The San Diego Union-Tribune
SACRAMENTO — A battle between consumer groups and the pharmaceutical industry over cheaper prescription drugs is threatening to escape the confines of the Legislature and escalate into a full-scale ballot war in the fall.
The industry and the consumer groups are touting the virtues of diplomacy and negotiation in the Legislature. But they are promoting rival initiatives that could end up on an already potentially crowded special election ballot in November.
The pharmaceutical industry, a close ally and big contributor to Gov. Arnold Schwarzenegger, is quietly amassing a $10 million campaign fund to bring his prescription drug program before voters.
The campaign may be an attempt by the industry to pressure the Legislature into passing Schwarzenegger’s more-limited plan to provide cheaper drugs, instead of broader proposals that would require companies to sell more drugs at lower prices.
Adding further intrigue, drug makers are sponsoring two other ballot measures long favored by Republicans because they target two Democratic constituencies: public employee unions and trial lawyers.
One would make it more difficult for the unions to collect dues. The other limits attorney contingency fees, which could reduce the income of trial lawyers and lower the number of lawsuits against pharmaceutical companies.
Drug company representatives insist they are serious about all three measures, but some lobbyists and legislators believe they are all part of a campaign to pressure consumer groups to drop their proposals.
“There’s certainly a lot of political brinksmanship. The question is: who blinks first?” Jerry Flanagan of the Foundation for Taxpayer and Consumer Rights said in an interview earlier this month.
As it turned out, his group blinked. The foundation, which had submitted a ballot measure to negotiate drug discounts through bulk purchasing, decided Tuesday to drop its initiative, citing a lack of funds.
Another group, Health Access, began gathering signatures last week for an initiative providing a carrot-and-stick approach to encourage companies to sell lower-priced drugs.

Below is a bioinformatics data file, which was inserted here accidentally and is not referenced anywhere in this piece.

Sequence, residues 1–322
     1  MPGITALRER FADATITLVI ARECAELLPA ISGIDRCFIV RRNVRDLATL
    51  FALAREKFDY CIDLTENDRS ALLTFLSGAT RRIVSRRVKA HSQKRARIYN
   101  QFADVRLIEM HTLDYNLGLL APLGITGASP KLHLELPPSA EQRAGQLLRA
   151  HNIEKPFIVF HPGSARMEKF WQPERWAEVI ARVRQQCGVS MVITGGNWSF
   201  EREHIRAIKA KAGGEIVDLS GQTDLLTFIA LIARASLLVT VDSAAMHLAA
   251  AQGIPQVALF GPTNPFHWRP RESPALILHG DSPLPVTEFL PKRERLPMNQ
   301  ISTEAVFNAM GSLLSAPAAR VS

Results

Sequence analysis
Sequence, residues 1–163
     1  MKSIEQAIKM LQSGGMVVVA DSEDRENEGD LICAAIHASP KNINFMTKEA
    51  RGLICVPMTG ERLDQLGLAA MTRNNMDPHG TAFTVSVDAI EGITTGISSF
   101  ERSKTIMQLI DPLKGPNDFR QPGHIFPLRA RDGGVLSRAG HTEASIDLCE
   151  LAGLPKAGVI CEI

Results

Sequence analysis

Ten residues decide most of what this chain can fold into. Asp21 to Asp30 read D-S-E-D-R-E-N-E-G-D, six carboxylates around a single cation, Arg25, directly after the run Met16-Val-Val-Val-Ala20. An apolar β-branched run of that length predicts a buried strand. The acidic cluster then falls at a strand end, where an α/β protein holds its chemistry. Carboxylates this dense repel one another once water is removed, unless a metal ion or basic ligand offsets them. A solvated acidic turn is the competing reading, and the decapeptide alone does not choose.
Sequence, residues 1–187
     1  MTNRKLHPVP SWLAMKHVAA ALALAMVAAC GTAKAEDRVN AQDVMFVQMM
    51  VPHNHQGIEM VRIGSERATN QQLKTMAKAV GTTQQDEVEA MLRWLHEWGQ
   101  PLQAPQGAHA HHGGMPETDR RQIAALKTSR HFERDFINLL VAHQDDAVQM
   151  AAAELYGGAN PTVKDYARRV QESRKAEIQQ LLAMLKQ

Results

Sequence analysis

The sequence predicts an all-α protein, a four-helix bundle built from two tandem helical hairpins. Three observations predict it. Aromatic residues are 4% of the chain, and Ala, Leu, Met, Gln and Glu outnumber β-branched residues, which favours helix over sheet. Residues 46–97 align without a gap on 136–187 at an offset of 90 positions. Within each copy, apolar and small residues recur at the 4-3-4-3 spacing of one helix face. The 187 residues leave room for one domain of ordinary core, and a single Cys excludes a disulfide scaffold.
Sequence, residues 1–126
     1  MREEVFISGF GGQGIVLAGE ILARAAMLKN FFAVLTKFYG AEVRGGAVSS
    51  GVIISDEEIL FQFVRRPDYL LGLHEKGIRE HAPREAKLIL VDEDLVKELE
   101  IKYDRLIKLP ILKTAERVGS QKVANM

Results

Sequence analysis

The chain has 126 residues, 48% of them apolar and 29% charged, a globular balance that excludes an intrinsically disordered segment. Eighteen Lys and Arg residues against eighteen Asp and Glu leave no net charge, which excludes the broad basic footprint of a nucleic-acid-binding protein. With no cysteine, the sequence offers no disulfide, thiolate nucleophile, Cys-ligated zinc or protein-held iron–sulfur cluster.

All initiative proponents face tight deadlines.
They have to turn in about 400,000 valid voter signatures by late next month if they want to qualify for a special election Schwarzenegger has threatened to call for November.
So far, the fight over prescription drugs has been largely overshadowed by Schwarzenegger’s priorities.
He has focused on basing teacher pay on merit rather than tenure, implementing a 401(k)-style pension plan for state workers, requiring judges rather than legislators to draw legislative districts, and enacting a plan for automatic cuts when the budget falls out of balance.
Rob Stutzman, communications director for Schwarzenegger, said that even though the pharmaceutical industry has turned the governor’s plan into a potential ballot measure, Schwarzenegger hasn’t taken a position supporting it.
Schwarzenegger, he said, still wants to go through the Legislature.
“We’re hopeful that there’s a legislative solution,” Stutzman said.
Under the plan, uninsured Californians who earn up to 300 percent of the poverty level, about $56,000 a year for a family of four, would be eligible for discounted drugs. Companies would voluntarily supply lower-priced drugs to the program.
Schwarzenegger has pledged to use his influence to persuade the industry to participate.
Drug companies have contributed more than $350,000 to his campaigns and donated about $250,000 that went to Republican candidates he favored.
The top federal lobbyist for the same trade group backing the three ballot measures, the Pharmaceutical Research and Manufacturers of America, known as PhRMA, co-hosted a fund-raiser this month for Schwarzenegger.
During the past month, many large companies that belong to PhRMA began contributing to the ballot fund. Among the donors are Eli Lilly & Co., which chipped in $650,000; Johnson & Johnson, which donated $1.3 million; and Pfizer, which also contributed $1.3 million.
But why would an industry back a plan that calls on its members to voluntarily cut some prices?
Jose Hermocillo, a spokesman for PhRMA, said the industry wants “to make sure that consumers get the best prescription drug proposals” among the competing plans.
Critics say the industry wants to implement a narrow plan.
“Do you trust the most profitable industry in the world to voluntarily give you a fair price on drugs?” asked consumer advocate Flanagan.